Tips for Traveling with Your Dog During the Holiday Season

Tips for Traveling with Your Dog During the Holiday Season

Yay! You and your fur baby get to travel together over the holidays. This will be so much better than leaving him at home or in a kennel. Traveling with your dog requires a little extra preparation and patience for a successful trip. Let's look at some ideas to ensure a great holiday for both of you.

A Pre-Trip Vet Visit

If your dog is due for vaccinations, has any concerning symptoms, or is not already microchipped, go to the vet well in advance of leaving on your trip. If you choose to make a vet visit before traveling with your dog this holiday season, take advantage of this opportunity to ask questions. Make sure your vet knows when and how you will be traveling. Make a note of any other pets your dog will be likely to encounter on the trip, the area that you will be traveling through, and come with a list of questions. Vets can be great resources to help you keep your fur baby safe and happy on your trip. In addition to their professional knowledge, there is a good chance that they have been there and done that as a pet parent, too.

Safety First

Make sure that your furry friend is physically secure. Whether you are traveling by plane, train, or automobile, you will need to make sure that he can’t bolt. Dog crates are useful (and may be required for some modes of travel), but the most important thing is a good collar with identification and a good leash. When you stop for bathroom breaks, make sure that both your dog and the area are safe.

In addition to making sure that your buddy is secure. Be aware of other animals he may encounter (both wild animals and pets). Don’t let him chase squirrels or get near any other wild animals at any point while traveling. Also, don’t expect him to want to play with other dogs that you meet. This may well happen, but respect that this is a new environment and make sure that any other dogs that could become part of his temporary pack are safe playmates.

Make sure that your dog stays well hydrated throughout the trip and that you have proper food available for him. Don’t let a well-meaning but uneducated person try to feed him something dangerous like chocolate, alcohol, or anything that could be a choking hazard.

Both of You Deserve to Be Warm and Cozy

Will you be traveling in through or to a chilly or cold climate? Both you and your dog need to dress appropriately. Perhaps the people just need a women’s fleece jacket or a men’s fleece jacket in addition to their street clothes. Whether or not your dog needs a jacket will depend upon both its breed and the weather. Get your vet’s advice on this. The smaller the furry body, the more insulation they need.

If you are traveling to a truly cold climate, don’t forget a warm winter coat for yourself and a dog coat for your buddy.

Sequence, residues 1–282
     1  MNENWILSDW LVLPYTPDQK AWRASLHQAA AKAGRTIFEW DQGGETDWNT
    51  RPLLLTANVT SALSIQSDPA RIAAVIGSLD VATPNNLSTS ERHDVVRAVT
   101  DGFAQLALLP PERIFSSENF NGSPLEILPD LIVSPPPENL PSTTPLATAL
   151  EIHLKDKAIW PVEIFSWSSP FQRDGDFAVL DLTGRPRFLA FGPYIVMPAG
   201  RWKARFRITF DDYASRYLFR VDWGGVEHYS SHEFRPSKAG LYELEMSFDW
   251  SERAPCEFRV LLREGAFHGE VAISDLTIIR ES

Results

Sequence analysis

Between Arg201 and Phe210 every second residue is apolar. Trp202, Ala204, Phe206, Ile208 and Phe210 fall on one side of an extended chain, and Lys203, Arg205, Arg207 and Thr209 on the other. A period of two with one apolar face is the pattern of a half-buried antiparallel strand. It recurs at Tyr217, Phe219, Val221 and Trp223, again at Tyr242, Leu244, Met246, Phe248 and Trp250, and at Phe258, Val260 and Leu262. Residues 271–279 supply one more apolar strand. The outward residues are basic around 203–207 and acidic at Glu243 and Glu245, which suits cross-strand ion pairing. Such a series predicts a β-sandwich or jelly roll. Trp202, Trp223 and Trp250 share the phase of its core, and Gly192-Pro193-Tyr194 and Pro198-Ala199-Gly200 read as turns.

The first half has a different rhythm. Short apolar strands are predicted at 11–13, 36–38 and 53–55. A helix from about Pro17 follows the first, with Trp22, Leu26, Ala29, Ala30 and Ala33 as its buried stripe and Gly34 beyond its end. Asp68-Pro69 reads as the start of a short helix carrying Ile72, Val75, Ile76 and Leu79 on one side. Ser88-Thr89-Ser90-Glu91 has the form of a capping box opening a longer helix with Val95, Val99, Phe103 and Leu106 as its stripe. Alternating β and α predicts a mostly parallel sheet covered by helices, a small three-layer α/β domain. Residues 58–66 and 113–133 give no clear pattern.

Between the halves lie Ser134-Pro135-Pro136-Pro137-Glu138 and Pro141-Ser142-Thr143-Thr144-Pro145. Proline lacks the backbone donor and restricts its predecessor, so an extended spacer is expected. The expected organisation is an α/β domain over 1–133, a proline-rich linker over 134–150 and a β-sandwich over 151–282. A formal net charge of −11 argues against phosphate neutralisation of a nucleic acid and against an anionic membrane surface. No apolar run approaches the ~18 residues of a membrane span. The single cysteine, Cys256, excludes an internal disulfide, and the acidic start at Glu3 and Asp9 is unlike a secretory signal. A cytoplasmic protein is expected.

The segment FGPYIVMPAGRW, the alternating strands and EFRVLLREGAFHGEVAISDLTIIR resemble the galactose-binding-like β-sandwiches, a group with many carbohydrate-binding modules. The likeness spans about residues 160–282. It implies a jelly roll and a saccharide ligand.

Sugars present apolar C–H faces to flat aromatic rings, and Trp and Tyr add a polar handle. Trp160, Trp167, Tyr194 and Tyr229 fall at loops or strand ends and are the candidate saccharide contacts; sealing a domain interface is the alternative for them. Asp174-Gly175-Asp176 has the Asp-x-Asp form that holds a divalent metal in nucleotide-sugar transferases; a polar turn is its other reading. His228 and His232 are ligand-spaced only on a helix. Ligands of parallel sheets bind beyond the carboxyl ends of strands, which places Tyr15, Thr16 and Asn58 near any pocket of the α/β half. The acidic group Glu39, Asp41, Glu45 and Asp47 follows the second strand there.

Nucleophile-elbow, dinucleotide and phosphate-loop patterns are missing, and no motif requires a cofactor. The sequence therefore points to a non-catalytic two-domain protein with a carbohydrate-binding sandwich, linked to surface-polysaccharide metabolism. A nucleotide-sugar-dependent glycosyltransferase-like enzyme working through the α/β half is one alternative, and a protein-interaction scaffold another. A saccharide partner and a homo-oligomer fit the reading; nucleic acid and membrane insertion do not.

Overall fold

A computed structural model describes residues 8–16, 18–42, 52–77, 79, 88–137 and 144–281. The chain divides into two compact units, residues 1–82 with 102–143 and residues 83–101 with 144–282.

Tips for Traveling to New Places

If you are traveling somewhere new, check with the locals to learn if there are specific hazards that you may not have encountered previously. Many plants are not healthy for dogs to eat and there are different types of wild animals in different locations. If you are traveling somewhere hot, have water for your dog with you in case it isn’t immediately available. Perhaps a portable water bowl in your carry-on is in order.

Give Your Buddy a Break

If you are a pet parent, you know that playtime is important. Your dog needs exercise, a break from any confining safety equipment, and just some simple fun. There is a reason that rest stops have jungle gyms for little kids. Kids need to run off energy on a regular basis. Your furry kid is no different in this respect. Be sure he is safe but let him have some freedom and play with him. You will be a happier pet parent and he will be a happier dog.

Be Patient

Traveling with a dog is a lot like traveling with a toddler. Yes, you can get there safely and have a fun trip, but things will go much more smoothly if you ensure the basics of safety, hydration, mealtime, bathroom breaks, playtime, and nap time. Even if your dog loves new places and new people, this experience is likely to be stressful for him. If possible, bring your dog’s regular dog bed with you. The familiar smell will reassure him. You will be experiencing new people, places, and routines than you have at home, too. Give both you and your dog a little grace. Give him plenty of hugs, bring along a couple of his favorite toys, and make sure that he feels secure that you will be nearby. While you’re at it, plan some basics for yourself whether that is morning coffee, vitamins, enough sleep, comfortable clothes, or yes, even nap time.

With a few safety precautions, the right clothing for both of you, and a little flexibility, you and your dog can be great travel buddies this holiday season.

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